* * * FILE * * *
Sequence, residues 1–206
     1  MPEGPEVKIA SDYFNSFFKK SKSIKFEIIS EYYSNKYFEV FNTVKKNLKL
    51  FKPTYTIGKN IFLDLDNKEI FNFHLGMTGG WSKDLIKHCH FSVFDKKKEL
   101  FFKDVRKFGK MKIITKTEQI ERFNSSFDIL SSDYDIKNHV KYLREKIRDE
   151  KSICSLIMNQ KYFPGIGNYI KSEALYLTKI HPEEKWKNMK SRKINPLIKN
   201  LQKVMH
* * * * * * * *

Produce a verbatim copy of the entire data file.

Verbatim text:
Sequence, residues 1–206
     1  MPEGPEVKIA SDYFNSFFKK SKSIKFEIIS EYYSNKYFEV FNTVKKNLKL
    51  FKPTYTIGKN IFLDLDNKEI FNFHLGMTGG WSKDLIKHCH FSVFDKKKEL
   101  FFKDVRKFGK MKIITKTEQI ERFNSSFDIL SSDYDIKNHV KYLREKIRDE
   151  KSICSLIMNQ KYFPGIGNYI KSEALYLTKI HPEEKWKNMK SRKINPLIKN
   201  LQKVMH